Make Your Own Overlander By Following This Toyota Tacoma Owner's Advice

Micah Weber shows us a budget DIY overland build is more feasible than you think.

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A cool overland truck doesn’t have to be expensive. Micah Weber’s 2001 Toyota Tacoma budget build is proof that you don’t need more money than sense to turn a modest off-roader into an impressive rig. Mostly, what you need is to know how to weld and use AutoCAD.

Or, as Weber explained to Expedition Portal, you could start out with a love for Legos. Those other hard skills will follow, and eventually you can buy a first-gen Toyota Tacoma and turn it into this:


Weber reportedly paid $7,500 for the truck in 2019, which is about what I’d expect to pay even for an older Tacoma. He slowly added DIY parts to the truck, like a light bar, skid plates, rocker panels and a bumper.

Weber wanted a “little hotel room” in the back of the truck, so he made one out of aluminum composite boards and plywood. Weber lists the materials that he used to make the camper as the following:

Frame: 3/4inch square tubing 1/16th wall

Pop top base and lid: 1x2 16th wall

Walls: Compbond boards 3mm thick, buy at a sign making shop $80 per sheet 4x8, $190 for the 5x10 sheet for the pop top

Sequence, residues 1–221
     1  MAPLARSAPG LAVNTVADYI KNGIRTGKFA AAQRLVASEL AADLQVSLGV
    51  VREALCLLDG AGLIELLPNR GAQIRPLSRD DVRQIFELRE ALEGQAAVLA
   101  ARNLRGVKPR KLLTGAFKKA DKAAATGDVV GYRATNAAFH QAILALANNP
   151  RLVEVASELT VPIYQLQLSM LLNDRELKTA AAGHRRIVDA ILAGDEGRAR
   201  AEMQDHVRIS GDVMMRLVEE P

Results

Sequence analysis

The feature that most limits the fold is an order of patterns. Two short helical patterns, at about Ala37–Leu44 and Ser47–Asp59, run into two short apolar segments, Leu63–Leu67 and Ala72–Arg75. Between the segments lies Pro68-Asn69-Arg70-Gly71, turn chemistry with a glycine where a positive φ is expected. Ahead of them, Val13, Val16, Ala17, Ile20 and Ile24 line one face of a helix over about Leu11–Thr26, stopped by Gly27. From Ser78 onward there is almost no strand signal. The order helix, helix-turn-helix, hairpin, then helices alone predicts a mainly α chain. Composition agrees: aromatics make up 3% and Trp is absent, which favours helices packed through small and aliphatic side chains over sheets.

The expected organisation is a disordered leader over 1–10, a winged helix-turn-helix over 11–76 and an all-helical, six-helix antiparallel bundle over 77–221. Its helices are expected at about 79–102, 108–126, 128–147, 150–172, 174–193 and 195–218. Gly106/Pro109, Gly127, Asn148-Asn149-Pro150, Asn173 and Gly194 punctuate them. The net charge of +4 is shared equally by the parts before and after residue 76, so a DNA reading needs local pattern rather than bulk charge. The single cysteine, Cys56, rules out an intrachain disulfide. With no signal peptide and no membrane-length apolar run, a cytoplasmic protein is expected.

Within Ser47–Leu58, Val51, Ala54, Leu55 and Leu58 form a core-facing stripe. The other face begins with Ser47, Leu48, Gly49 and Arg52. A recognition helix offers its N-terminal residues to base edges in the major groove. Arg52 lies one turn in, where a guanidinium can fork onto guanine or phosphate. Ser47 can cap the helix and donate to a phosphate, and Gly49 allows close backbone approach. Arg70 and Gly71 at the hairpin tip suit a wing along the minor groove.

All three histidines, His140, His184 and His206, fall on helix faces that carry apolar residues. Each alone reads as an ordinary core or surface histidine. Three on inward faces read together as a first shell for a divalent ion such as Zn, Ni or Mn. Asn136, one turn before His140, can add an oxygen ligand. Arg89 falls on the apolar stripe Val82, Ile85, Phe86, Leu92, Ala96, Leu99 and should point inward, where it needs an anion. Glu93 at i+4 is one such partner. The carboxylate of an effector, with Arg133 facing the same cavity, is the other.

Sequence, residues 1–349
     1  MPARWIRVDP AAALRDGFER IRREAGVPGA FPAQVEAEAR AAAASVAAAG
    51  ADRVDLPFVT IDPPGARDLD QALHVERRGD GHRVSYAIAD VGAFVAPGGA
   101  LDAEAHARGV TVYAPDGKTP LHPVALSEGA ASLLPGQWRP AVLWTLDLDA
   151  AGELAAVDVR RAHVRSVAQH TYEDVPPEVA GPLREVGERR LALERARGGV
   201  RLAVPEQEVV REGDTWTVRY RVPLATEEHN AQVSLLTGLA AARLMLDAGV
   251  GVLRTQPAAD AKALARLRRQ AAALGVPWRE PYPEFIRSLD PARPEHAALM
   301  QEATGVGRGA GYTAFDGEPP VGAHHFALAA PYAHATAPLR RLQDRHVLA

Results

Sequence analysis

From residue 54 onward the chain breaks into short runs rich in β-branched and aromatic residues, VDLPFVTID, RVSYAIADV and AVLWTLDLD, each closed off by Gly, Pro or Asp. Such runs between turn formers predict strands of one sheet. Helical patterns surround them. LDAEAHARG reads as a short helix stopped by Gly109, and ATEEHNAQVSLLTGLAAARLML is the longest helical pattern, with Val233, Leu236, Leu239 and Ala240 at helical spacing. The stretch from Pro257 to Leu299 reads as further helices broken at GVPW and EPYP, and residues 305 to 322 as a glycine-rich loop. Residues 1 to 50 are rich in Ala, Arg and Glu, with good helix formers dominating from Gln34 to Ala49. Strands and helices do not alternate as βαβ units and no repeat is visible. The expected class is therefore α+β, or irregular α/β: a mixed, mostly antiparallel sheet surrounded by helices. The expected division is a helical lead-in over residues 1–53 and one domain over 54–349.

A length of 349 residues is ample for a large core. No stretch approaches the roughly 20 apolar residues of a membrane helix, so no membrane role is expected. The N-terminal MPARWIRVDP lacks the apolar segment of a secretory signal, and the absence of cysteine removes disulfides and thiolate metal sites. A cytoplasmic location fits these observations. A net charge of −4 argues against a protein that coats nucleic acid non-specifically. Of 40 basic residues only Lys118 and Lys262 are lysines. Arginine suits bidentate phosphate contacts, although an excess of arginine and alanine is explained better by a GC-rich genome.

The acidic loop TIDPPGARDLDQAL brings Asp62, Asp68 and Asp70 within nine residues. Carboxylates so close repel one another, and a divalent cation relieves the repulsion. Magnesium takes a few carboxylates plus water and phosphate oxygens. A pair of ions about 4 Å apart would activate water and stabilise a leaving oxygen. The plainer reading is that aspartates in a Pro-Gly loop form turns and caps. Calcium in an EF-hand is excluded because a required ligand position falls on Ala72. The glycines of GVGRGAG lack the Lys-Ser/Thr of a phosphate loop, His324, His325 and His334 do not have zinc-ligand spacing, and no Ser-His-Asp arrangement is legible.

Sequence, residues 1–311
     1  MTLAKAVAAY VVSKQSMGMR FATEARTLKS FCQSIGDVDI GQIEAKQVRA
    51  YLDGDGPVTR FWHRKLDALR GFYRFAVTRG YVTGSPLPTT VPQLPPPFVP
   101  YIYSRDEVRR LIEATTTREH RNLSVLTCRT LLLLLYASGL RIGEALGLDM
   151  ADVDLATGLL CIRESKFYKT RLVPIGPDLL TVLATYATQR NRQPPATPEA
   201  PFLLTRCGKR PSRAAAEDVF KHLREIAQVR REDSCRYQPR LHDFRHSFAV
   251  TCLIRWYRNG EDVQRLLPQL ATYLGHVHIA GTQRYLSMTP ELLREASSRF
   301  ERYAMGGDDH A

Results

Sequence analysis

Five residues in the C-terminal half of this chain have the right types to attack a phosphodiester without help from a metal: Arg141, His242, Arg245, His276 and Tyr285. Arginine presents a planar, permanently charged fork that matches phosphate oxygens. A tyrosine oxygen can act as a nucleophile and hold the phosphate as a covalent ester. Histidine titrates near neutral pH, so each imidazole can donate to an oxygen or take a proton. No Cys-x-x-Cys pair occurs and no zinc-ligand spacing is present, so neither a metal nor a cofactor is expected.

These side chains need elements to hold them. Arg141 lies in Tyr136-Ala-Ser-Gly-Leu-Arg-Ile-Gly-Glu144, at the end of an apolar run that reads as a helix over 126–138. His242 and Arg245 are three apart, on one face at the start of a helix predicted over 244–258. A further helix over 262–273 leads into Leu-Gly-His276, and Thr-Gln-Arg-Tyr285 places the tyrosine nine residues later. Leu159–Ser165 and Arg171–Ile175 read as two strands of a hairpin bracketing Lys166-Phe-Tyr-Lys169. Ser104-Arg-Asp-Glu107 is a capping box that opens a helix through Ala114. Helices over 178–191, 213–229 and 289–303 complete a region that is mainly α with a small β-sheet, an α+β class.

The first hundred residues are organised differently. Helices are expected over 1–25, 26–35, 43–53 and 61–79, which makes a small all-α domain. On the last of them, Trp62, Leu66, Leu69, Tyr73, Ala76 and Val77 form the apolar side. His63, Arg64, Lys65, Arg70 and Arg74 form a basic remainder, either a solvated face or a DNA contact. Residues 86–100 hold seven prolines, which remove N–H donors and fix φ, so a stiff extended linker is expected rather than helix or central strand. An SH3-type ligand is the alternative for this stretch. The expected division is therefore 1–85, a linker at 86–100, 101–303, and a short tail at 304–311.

Insulation: Owens corning solid foam 1inch think (home depot)

Interior walls: 1/4 ply birch wood $32 per sheet 14.5 pounds per 4x8

After fabrication, the camper was fitted on a steel flatbed that Weber made, too.

Obviously, you’ll need tools (maybe a garage full of them) to build something like this, but I think tracking down the equipment is much better than paying tens of thousands of dollars for a comparable machine. And that’s not even considering that a completed project will have been built to someone else’s specifications in some way.


Also, a lack of experience isn’t really a dealbreaker, which is what I would have thought. Weber explained to Expedition Portal that he actually didn’t have the background for the build before he bought the Tacoma:

“I didn’t know how to weld, I had never used AutoCAD, and I had no experience with metal materials or composites,” Weber says. “Other than modifying my motorcycle, bicycle, and RC car, I’d never made parts for a vehicle prior to owning the truck. The only things I had made were a coffee table, bed frame, a closet organizer, and our kitchen table.” Despite this, the project was ultimately about having fun and nurturing his love for designing, creating, and building. “I grew up building Legos and just love the process of making stuff,” he admits.


Weber started with Legos, graduated to bike mods, then to basic furniture and finally to the Tacoma budget build. I mean, look at these 16-inch “spare” steel wheels:


They’re the perfect expression of Weber’s “overland under budget” idea. They are inexpensive and basic. They don’t look fancy, but they still look good! They’re just functional, which has a style all its own. The rest of this Tacoma build follows suit.